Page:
Robert Borden

When Robert Borden unseated Prime Minister Wilfrid Laurier (1841-1919) in the 1911 federal election, many doubted he could fill the big shoes of his long-serving Liberal predecessor. Yet Borden would prove to be a prime minister of equal historic importance (if not greater), guiding Canada through World War I (1915-1918) and securing the country greater independence within the British Empire.

A Nova Scotia lawyer by trade, Borden was elected to Parliament in 1896 and reluctantly agreed to lead the Conservative Party in 1901, following the unsuccessful tenure of Sir Charles Tupper (1821-1915). Borden toiled as opposition leader for 10 years and two elections before finally beating Prime Minister Laurier in 1911, railing effectively against a Liberal plan for free trade with the United States.

A moderate conservative who was not afraid to challenge his party’s consensus, Borden was somewhat critical of Canada’s status as a colony of Great Britain, which he viewed as a unbalanced relationship. When the First World War broke out in 1915, Borden did what the British Empire demanded, and sent over a half a million Canadian troops to fight for Britain in parts of Europe few Canadians had heard of. Behind the scenes, however, Borden lobbied London hard to demand Canada be given a greater role in forming any future imperial foreign policy. In 1917 he helped persuade Britain to recognize its self-governing colonies as “autonomous nations,” and after the war ended, he was equally successful in demanding Canada be recognized as a full “country” in the League of Nations.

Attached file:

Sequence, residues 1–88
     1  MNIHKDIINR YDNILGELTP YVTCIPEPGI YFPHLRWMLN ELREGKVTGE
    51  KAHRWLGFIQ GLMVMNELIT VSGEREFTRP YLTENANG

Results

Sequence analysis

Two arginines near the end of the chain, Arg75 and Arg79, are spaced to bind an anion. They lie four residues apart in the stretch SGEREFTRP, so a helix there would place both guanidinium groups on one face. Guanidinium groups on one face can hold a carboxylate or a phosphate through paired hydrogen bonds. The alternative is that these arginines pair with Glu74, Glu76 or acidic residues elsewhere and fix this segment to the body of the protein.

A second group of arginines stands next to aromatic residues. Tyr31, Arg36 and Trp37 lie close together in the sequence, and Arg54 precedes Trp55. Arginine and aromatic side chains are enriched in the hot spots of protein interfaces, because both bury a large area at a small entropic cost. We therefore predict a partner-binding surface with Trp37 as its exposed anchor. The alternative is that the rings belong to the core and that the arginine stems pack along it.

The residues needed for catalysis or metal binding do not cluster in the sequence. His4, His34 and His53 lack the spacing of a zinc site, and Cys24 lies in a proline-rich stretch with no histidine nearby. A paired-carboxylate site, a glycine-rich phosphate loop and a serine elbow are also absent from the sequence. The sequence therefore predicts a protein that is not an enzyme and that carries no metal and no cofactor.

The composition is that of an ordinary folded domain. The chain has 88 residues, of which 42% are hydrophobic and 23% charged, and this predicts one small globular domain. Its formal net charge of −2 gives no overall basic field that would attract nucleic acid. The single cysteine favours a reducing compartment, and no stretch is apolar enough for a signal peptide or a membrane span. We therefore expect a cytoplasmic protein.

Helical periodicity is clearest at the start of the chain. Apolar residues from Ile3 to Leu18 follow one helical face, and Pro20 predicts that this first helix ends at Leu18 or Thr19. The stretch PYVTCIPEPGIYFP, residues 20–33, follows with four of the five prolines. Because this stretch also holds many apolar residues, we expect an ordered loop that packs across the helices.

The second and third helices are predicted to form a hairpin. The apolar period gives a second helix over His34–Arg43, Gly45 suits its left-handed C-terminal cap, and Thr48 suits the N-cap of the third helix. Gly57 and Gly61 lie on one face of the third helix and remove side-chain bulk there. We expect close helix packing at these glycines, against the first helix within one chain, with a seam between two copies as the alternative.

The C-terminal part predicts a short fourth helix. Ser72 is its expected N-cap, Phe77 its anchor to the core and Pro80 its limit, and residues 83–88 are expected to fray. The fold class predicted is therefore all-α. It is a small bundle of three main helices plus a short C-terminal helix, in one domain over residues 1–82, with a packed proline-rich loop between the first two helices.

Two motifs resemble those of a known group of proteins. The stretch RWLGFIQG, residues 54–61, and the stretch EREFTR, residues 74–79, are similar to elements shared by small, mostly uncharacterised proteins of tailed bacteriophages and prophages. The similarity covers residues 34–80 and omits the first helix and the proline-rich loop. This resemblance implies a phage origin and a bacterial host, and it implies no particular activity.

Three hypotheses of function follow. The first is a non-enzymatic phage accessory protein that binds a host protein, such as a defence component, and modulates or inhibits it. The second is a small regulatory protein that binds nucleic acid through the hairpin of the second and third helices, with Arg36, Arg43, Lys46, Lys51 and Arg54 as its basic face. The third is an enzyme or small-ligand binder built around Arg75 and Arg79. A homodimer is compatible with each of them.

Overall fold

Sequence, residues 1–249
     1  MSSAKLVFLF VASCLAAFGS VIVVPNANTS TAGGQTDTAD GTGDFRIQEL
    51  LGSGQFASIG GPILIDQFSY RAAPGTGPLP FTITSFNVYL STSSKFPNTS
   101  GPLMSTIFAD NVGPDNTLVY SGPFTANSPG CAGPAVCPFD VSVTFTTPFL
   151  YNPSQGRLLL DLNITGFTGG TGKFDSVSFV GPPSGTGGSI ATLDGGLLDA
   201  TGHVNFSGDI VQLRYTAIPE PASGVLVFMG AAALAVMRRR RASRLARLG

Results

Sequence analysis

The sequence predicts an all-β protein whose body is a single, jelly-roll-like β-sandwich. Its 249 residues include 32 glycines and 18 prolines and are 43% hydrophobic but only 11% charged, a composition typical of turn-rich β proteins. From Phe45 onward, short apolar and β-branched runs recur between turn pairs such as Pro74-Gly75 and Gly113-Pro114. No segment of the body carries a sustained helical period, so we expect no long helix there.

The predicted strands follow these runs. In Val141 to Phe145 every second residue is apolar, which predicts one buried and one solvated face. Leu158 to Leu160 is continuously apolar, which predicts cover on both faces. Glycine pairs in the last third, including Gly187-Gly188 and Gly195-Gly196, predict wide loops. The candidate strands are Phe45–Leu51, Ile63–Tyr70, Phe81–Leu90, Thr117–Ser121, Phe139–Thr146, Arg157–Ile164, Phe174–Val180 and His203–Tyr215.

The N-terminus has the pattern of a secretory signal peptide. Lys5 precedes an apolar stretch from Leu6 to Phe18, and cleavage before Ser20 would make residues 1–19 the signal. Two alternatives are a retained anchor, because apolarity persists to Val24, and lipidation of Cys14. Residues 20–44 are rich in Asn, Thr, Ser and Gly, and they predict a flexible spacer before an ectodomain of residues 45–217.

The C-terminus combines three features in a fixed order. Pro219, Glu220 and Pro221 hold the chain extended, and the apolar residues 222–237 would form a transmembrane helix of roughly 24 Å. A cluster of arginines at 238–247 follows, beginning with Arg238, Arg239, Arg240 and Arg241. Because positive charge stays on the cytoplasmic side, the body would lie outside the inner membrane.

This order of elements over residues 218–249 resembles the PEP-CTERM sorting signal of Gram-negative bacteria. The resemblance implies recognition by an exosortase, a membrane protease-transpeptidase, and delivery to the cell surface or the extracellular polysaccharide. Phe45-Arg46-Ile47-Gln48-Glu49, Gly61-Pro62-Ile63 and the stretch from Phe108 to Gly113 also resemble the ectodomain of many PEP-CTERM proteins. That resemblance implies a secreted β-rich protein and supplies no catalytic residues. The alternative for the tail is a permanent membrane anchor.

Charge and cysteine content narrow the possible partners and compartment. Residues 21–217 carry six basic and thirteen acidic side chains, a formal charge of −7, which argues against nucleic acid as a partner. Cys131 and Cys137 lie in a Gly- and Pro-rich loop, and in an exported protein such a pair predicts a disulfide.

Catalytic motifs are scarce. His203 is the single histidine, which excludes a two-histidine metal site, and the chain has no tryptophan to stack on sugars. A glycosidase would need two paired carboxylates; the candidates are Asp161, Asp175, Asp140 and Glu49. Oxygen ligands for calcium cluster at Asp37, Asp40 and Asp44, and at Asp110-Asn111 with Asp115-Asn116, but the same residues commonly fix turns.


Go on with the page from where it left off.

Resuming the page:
Borden participated the Paris Peace Conference (1919-1920) that helped reshape to the postwar world, but returned to a Canada facing increasing strikes and economic turmoil, born from the ongoing social unrest of industrialization. Both before, during, and after the war, Borden’s domestic policies sought to quell political agitation and unrest, though this often took the form of heavy-handed arrests, raids, and bans on anyone suspected of being a treasonous foreign agent, including communists, labour activists, and Canadians of Austro-Hungarian, Russian, or German descent. In 1920 he resigned, citing health concerns. Today, Borden is usually singled out as one of Canada’s greatest leaders, for both his wartime leadership and important role in helping assert Canada’s right to an independent foreign policy.